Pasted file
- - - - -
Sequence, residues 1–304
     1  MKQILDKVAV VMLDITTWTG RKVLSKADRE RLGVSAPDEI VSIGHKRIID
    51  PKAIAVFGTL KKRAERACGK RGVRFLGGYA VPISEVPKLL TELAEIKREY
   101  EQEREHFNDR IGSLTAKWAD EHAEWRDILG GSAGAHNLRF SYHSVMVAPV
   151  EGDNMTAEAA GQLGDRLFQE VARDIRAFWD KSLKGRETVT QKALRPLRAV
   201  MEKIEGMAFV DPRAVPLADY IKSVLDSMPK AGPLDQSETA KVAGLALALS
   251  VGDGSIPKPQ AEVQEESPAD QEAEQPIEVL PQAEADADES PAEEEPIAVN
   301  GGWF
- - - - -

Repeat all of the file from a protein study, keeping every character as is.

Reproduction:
Sequence, residues 1–304
     1  MKQILDKVAV VMLDITTWTG RKVLSKADRE RLGVSAPDEI VSIGHKRIID
    51  PKAIAVFGTL KKRAERACGK RGVRFLGGYA VPISEVPKLL TELAEIKREY
   101  EQEREHFNDR IGSLTAKWAD EHAEWRDILG GSAGAHNLRF SYHSVMVAPV
   151  EGDNMTAEAA GQLGDRLFQE VARDIRAFWD KSLKGRETVT QKALRPLRAV
   201  MEKIEGMAFV DPRAVPLADY IKSVLDSMPK AGPLDQSETA KVAGLALALS
   251  VGDGSIPKPQ AEVQEESPAD QEAEQPIEVL PQAEADADES PAEEEPIAVN
   301  GGWF